It might surprise you to know that Miley Cyrus is actually disgusted by the physical act of sex. That the first time she had sex was on her 18th birthday with an older gentleman she’d been trading emails with for almost that entire previous year, after meeting once in a park on a clear morning when she’d thought nobody else was around (she’d been on tour — had escaped for the morning, went off to explore). For hours they lay together on the grass, facing the sky, talking about their hopes and dreams, the shadows of the trees, what freedom must feel like to not have it — when life right then and there felt so suffocating, so constrained. Their lives were constructed out of endless possibilities; they didn’t have to believe in any certain thing or world. She asked him if he knew who she was and he said it was as if he knew intimately her face but until that day he did not know her, and her heart was filled with wonder. A year later, as he fucked her tight pussy, clenched her wrists above her head, his face was a gray, hollow, ovular orifice, his body stark and unfamiliar, writhing with sensation above her, with a violence she couldn’t match.


THERE IS NO SEXUAL RELATIONSHIP, said Freud. THERE IS ONLY FANTASY.


Miley Cyrus sitting crossed-legged on the floor of her hotel bedroom. Lie on a bed, or on a mat or on the grass, in a position in which you are comfortable. She begins to take hold of her breath. Don’t use a pillow. Maintain the half smile and continue to follow your breath.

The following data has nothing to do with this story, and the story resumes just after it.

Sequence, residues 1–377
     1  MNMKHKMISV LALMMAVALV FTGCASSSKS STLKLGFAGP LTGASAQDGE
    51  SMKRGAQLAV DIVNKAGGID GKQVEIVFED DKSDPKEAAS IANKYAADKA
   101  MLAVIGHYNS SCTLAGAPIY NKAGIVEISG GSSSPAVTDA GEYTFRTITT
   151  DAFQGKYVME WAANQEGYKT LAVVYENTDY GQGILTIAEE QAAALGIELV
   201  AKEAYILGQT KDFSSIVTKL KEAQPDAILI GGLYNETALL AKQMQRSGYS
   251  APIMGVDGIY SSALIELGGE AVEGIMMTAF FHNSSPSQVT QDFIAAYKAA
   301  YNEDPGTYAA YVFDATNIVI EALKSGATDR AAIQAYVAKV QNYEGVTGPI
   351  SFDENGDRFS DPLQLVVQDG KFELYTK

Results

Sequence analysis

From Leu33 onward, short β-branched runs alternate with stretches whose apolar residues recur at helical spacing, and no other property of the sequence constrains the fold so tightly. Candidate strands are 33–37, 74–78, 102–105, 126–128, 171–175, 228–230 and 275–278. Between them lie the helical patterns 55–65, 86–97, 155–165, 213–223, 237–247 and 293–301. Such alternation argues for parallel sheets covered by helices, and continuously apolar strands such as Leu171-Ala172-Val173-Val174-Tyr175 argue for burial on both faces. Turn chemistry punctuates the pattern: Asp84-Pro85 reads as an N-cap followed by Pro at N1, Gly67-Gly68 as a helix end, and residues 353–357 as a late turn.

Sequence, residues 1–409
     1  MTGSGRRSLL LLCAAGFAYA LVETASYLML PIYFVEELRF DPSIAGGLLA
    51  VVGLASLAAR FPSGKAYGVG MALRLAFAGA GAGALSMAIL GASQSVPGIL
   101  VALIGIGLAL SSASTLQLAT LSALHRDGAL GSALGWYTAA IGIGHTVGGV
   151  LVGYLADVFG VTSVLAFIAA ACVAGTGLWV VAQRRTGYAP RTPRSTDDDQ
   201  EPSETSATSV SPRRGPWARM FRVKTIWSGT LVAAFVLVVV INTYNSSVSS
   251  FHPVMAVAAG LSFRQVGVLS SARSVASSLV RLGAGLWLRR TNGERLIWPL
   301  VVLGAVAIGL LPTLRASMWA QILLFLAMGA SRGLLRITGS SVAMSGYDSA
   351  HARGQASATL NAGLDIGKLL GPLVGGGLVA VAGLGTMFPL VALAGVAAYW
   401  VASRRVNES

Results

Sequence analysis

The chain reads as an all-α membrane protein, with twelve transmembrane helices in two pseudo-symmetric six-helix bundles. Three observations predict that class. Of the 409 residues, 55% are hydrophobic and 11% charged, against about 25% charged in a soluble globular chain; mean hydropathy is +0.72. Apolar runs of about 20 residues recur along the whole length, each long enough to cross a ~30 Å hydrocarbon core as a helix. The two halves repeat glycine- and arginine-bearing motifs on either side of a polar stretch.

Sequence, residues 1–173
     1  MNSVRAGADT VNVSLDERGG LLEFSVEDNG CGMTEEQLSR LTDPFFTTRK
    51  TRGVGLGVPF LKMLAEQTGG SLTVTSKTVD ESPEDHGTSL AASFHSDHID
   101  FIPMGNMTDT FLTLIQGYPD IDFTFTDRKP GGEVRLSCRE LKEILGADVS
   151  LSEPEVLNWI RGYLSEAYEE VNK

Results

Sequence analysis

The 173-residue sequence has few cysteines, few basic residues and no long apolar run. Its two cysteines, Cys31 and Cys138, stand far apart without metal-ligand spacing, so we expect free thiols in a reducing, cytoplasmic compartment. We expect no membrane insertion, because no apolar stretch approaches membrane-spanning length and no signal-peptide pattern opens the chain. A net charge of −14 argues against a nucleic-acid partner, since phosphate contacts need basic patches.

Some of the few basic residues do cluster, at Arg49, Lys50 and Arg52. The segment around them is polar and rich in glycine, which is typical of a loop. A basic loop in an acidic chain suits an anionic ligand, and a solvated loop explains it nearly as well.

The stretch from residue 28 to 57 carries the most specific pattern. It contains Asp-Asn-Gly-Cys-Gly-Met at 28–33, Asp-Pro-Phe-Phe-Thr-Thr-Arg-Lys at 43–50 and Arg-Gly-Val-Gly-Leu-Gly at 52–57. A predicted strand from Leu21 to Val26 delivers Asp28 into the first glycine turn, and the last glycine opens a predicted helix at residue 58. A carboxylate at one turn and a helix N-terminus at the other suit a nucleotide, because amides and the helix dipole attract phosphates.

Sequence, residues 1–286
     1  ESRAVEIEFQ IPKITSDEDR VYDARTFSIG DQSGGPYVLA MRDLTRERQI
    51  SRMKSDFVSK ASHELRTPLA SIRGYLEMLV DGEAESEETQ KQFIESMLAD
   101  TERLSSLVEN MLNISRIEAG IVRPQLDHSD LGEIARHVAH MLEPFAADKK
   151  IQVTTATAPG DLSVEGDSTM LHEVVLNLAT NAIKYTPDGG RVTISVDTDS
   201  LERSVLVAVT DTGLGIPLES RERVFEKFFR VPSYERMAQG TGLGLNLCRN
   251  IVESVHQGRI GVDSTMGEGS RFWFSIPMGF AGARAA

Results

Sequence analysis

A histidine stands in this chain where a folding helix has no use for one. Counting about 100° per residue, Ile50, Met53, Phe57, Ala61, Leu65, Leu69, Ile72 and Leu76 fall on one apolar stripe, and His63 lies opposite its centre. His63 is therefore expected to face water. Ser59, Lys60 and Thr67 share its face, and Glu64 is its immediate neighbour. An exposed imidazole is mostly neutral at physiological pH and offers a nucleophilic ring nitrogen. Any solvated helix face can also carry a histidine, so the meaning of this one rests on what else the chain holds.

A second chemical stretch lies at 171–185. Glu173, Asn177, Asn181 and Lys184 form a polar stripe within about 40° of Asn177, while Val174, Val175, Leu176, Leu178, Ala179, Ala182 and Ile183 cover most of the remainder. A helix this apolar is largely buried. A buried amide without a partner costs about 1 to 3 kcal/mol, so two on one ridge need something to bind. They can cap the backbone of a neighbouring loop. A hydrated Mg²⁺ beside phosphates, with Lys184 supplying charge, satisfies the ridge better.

The first time Miley Cyrus ever ate an edible was at a VMA after-party, where she puked all over the executive producer of Cube II. The second time she locked herself in her childhood bedroom, draped herself upside-down from her bed, and cried for hours at how lucky she was to not have been born as a young woman in Afghanistan.


Just the idea of it — the sheer, impossible and possible chance of Afghanistan — to her was terrifying.

There was so much terror.


Miley Cyrus prances onstage in a furry jumpsuit barely covering her nipples, her waifish human body, so thin it’s like she’s disappearing. Her garish garments clinch tightly to her skin skin visible skin.

It’s as if you’ve fucked her numerous times, a viral amount of times, seen her splayed out in front of you, pulsating, panting, lips puckering, drawing you to her as she devours you with her face exaggerated to the proportions of the screen, her eyes like living crystals, burning with intensity.


Terrorists do not occupy territory. They de-territorialize violence, making it possible for it to strike anywhere.